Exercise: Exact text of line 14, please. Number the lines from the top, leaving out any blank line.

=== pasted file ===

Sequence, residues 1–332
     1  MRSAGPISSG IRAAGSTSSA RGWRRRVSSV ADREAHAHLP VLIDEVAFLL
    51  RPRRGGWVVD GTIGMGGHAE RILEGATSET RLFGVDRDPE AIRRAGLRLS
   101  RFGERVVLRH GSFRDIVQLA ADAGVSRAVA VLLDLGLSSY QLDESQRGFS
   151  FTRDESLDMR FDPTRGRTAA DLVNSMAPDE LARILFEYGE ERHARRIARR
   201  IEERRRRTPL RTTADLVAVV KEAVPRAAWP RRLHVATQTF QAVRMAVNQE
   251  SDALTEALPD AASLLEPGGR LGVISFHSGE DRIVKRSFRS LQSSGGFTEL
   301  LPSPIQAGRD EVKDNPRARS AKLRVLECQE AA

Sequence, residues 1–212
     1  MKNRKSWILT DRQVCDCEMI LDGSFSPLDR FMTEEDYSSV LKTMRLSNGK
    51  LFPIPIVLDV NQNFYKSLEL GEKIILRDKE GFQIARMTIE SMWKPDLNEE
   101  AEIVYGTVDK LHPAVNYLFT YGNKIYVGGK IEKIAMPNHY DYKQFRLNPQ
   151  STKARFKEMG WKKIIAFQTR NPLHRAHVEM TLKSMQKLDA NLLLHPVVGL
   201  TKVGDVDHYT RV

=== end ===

   201  TKVGDVDHYT RV